Volume, mass and length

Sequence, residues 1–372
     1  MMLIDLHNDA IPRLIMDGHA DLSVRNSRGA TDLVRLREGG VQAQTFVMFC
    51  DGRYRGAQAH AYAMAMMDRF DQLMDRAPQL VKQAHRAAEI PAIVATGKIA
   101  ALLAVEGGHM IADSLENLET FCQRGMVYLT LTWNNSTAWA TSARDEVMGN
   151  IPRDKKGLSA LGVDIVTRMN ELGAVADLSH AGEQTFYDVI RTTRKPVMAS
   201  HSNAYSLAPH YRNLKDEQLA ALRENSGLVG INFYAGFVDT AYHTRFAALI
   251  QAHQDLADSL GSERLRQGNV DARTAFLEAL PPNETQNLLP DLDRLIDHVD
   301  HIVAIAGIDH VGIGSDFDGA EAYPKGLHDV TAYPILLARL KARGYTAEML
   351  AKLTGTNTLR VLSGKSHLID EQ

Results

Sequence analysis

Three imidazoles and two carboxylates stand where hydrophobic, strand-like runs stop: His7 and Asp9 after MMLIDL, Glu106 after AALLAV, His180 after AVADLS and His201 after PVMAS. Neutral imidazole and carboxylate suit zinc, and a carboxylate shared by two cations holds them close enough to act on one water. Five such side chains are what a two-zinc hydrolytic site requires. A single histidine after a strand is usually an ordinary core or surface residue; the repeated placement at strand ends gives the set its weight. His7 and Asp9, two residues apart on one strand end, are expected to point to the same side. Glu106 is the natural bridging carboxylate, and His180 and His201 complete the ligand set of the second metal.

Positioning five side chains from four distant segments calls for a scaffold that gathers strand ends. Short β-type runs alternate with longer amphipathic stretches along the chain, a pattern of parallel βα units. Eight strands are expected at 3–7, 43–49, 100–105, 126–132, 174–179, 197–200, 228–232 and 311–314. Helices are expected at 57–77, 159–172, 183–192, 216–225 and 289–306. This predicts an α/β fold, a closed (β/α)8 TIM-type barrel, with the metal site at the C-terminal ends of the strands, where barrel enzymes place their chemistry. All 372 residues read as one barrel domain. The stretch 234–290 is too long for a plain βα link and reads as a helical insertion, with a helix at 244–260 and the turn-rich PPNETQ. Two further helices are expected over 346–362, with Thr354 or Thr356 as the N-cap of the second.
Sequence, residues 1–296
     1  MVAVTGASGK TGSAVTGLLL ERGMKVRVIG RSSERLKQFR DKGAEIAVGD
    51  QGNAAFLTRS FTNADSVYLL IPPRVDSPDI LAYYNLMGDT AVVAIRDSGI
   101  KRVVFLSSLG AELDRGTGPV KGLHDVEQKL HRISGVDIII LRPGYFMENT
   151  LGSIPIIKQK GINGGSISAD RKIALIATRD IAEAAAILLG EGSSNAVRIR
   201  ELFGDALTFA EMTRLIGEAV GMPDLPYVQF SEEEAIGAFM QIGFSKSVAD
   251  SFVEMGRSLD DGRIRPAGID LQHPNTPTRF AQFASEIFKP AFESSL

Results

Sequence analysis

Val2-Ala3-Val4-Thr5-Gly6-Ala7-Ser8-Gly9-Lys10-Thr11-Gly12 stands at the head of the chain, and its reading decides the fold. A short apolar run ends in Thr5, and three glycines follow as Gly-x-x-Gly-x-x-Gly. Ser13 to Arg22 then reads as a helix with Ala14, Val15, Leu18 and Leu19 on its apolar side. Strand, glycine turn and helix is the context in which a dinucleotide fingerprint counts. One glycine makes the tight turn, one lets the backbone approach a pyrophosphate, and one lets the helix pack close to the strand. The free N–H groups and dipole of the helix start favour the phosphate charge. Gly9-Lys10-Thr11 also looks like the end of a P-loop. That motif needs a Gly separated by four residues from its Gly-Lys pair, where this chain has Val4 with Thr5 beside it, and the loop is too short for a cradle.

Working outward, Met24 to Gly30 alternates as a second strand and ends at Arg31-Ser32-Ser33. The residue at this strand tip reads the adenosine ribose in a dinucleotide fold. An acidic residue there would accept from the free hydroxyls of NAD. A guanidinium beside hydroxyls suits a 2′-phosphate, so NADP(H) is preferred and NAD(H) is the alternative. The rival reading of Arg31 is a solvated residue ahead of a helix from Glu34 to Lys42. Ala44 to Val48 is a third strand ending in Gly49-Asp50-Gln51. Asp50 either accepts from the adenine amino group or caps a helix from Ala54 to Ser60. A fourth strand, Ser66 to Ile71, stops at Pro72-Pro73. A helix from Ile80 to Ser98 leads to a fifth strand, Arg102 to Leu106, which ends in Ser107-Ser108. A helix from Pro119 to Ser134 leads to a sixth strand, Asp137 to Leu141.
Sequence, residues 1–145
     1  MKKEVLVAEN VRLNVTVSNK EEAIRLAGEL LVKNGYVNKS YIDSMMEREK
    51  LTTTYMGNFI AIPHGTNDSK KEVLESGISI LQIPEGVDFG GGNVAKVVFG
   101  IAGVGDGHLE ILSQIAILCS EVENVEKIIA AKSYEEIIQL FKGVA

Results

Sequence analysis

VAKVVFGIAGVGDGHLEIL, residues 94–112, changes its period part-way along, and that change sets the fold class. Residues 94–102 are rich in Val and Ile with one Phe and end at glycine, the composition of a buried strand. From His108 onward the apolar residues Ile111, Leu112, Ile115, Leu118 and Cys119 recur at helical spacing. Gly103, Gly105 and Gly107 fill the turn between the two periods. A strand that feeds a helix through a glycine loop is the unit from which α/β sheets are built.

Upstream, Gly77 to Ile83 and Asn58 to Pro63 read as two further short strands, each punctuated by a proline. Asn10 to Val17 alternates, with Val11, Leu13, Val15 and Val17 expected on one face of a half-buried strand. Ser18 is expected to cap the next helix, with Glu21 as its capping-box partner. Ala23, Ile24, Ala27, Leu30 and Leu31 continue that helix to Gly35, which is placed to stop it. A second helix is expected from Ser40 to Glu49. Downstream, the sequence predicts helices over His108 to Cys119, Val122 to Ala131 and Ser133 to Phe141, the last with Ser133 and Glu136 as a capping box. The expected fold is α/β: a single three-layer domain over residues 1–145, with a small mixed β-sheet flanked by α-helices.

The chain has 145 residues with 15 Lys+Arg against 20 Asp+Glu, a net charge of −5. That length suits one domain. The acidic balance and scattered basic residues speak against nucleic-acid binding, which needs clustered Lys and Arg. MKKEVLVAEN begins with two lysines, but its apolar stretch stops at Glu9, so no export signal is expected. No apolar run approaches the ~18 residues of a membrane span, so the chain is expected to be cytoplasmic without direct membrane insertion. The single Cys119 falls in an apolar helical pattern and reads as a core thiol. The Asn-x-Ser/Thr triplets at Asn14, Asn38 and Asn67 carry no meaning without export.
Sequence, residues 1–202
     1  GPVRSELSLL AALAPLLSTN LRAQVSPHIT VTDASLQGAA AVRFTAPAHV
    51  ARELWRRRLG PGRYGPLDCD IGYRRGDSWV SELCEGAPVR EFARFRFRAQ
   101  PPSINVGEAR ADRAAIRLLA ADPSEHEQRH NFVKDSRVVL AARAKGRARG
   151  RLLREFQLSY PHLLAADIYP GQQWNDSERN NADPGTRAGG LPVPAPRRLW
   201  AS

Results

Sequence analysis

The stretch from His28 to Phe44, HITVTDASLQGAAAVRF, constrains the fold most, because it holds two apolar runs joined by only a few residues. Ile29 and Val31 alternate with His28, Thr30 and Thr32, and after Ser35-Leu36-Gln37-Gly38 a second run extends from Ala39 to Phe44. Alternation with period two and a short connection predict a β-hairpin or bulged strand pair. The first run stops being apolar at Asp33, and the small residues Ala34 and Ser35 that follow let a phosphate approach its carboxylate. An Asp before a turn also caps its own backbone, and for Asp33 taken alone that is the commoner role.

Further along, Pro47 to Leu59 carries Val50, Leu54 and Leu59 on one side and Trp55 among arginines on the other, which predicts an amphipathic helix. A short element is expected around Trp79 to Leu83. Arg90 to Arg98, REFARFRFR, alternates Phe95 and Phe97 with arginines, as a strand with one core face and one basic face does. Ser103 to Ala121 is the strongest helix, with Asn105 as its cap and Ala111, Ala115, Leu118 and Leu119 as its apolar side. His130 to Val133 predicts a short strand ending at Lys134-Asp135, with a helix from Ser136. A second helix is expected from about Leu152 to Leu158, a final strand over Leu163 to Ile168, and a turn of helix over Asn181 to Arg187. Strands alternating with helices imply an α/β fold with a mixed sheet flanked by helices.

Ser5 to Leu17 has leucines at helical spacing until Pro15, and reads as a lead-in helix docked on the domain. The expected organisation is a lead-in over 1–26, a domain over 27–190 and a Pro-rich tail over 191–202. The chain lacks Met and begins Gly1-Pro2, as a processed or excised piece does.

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  Chapter 5 Applications of thedefinite integral tocalculating volume,mass, and length 5.1 Introduction In this chapter, we consider applications of the definite integral to calculating geometricquantities such as volumes of geometric solids, masses, centers of mass, and lengths of curves.The idea behind the procedure described in this chapter is closely related to those wehave become familiar with in the context of computing areas. That is, we first imagine anapproximationusing a finite numberof pieces to representa desired result. Then,a limitingprocess of refinement leads to the desired result. The technology of the definite integral,developed in Chapters 2 and 3 applies directly. This means that we need not re-derivethe link between Riemann Sums and the definite integral, we can use these as we did inChapter 4.In the first parts of this chapter, we will calculate the total mass of a continuousdensity distribution. In this context, we will also define the concept of a center of mass.We will first motivate this concept for a discrete distribution made up of a number of finitemasses. Then we show how the same concept can be applied in the continuous case. Theconnection between the discrete and continuous representation will form an important linkwith our study of analogous concepts in probability, in Chapters 7 and 8.Inthe secondpartofthis chapter,we will considerhowtodissect certainthreedimen-sional solids into a set of simpler parts whose volumes are easy to compute. We will usefamiliar formulae for the volumes of disks and cylindrical shells, and carefully constructa summation to represent the desired volume. The volume of the entire object will thenbe obtained by summing up volumes of a stack of disks or a set of embedded shells, andconsideringthe limit as the thicknessof the dissectioncuts gets thinner. Thereare some im-portant differences between material in this chapter and in previous chapters. Calculatingvolumes will stretch our imagination, requiring us to visualize 3-dimensional (3D) objects,and how they can be subdivided into shells or slices. Most of our effort will be aimed atunderstanding how to set up the needed integral. We provide a number of examples of thisprocedure,but first we review the basics of elementaryvolumes that will play the dominantrole in our calculations. 81  82Chapter5. Applications ofthedefinite integral tocalculatingvolume, mass,andlength 5.2 Mass distributions in one dimension We start ourdiscussionwith a numberofexampleofmass distributedalonga singledimen-sion. First, we consider a discrete collection of masses and then generalize to a continuousdensity. We will be interested in computing the total mass (by summation or integration)as well as other properties of the distribution.In considering the example of mass distributions, it becomes an easy step to developthe analogous concepts for continuous distributions. This allows us to recapitulate the linkbetween finite sums and definite integrals that we developed in earlier chapters. Examplesin this chapter also further reinforce the idea of density (in the context of mass density).Later, we will find that these ideas are equally useful in the context of probability,exploredin Chapters 7 and 8. 5.2.1 A discrete distribution: total mass of beads on a wire 5 m 1  m 2  m 3  m 4  m 5  x 1  x 2  x 3  x 4  x Figure 5.1.  A discrete distribution of masses along a (one dimensional) wire. In Figure 5.1 we see a number of beads distributed along a thin wire. We will labeleach bead with an index,  i  = 1 ...n  (there are five beads so that  n  = 5 ). Each bead has acertain position (that we will think of as the value of   x i ) and a mass that we will call  m i .We will think of this arrangement as a  discrete mass distribution : both the masses of thebeads, and their positions are of interest to us. We would like to describe some propertiesof this distribution.The total mass of the beads,  M  , is just the sum of the individual masses, so that M   = n  i =1 m i .  (5.1) 5.2.2 A continuous distribution: mass density and total mass We now considera continuousmass distributionwhere the mass per unit length (“density”)changes gradually from one point to another. For example, the bar in Figure 5.2 has adensity that varies along its length.The portion at the left is made of lighter material, or has a lower density than theportions further to the right. We will denote that density by  ρ ( x )  and this carries units of mass per unit length. (The density of the material along the length of the bar is shown inthe graph.) How would we find the total mass?Suppose the bar has length  L  and let  x  (0  ≤  x  ≤  L )  denote position along that bar.Let us imagine dividing up the bar into small pieces of length ∆ x  as shown in Figure 5.2.  5.2. Mass distributions in one dimension 83  x mass distribution ! ( )  x ...  x m 1  m 2  m n  x 1  x 2  x n ... Figure 5.2.  Top: A continuous mass distribution along a one dimensional bar,discussed in Example 5.3.3. The density of the bar (mass per unit length),  ρ ( x )  is shownon the graph. Bottom: the discretized approximation of this same distribution. Here wehave subdivided the bar into  n  smaller pieces, each of length ∆ x . The mass of each pieceis approximately  m k  =  ρ ( x k ) ∆ x  where  x k  =  k ∆ x . The total mass of the bar (“sum of all the pieces”) will be represented by an integral (5.2) as we let the size, ∆ x , of the piecesbecome infinitesimal. The coordinates of the endpoints of those pieces are then x 0  = 0 ,...,x k  =  k ∆ x, ..., x N   =  L and the corresponding masses of each of the pieces are approximately m k  =  ρ ( x k ) ∆ x. (Observethat units are correct, that is mass k =(mass/length) · length. Note that ∆ x  has unitsof length.) The total mass is then a sum of masses of all the pieces, and, as we have seen inan earlier chapter, this sum will approach the integral M   =    L 0 ρ ( x ) dx  (5.2)as we make the size of the pieces smaller.  84Chapter5. Applications ofthedefinite integral tocalculatingvolume, mass,andlength We can also define a  cumulative function  for the mass distribution as M  ( x ) =    x 0 ρ ( s ) ds.  (5.3)Then  M  ( x )  is the total mass in the part of the interval between the left end (assumed at0) and the position  x . The idea of a cumulative function becomes useful in discussions of probability in Chapter 8. 5.2.3 Example: Actin density inside a cell Biologists often describe the density of protein, receptors, or other molecules in cells. Oneexample is shown in Fig. 5.3. Here we show a keratocyte, which is a cell from the scaleof a fish. A band of actin filaments (protein responsible for structure and motion of the 2 nucleusactin cortexactin cortex bcd ! 11 ! 101  x  =1 !  x ! Figure 5.3.  A cell (keratocyte) shown in (a) has a dense distribution of actinin a band called the actin cortex. In (b) we show a schematic sketch of the actin cortex(shaded). In (c) that band of actin is scaled and straightened out so that it occupies alength corresponding to the interval − 1  ≤  x  ≤  1 . We are interested in the distributionof actin filaments across that band. That distribution is shown in (d). Note that actin isdensest in the middle of the band. (a) Credit to Alex Mogilner. cell) are found at the edge of the cell in a band called the  actin cortex . It has been foundexperimentallythatthedensityofactinis greatestinthemiddleoftheband,i.e. thepositioncorresponding to the midpoint of the edge of the cell shown in Fig. 5.3a. According toAlex Mogilner 19 , the density of actin across the cortex in filaments per edge  µ m is wellapproximated by a distribution of the form ρ ( x ) =  α (1 − x 2 )  − 1 ≤ x ≤ 1 , where x  is the fraction of distance 20 from midpoint to the end of the band (Fig. 5.3c and d).Here  ρ ( x )  is an actin filament density in units of filaments per µ m. That is,  ρ  is the number 19 Alex Mogilner is a professor of mathematics who specializes in cell biology and the actin cytoskeleton 20 Note that 1 µ m (read “ 1 micro-meter” or “micron”) is 10 − 6 meters, and is appropriate for measuring lengthsof small objects such as cells.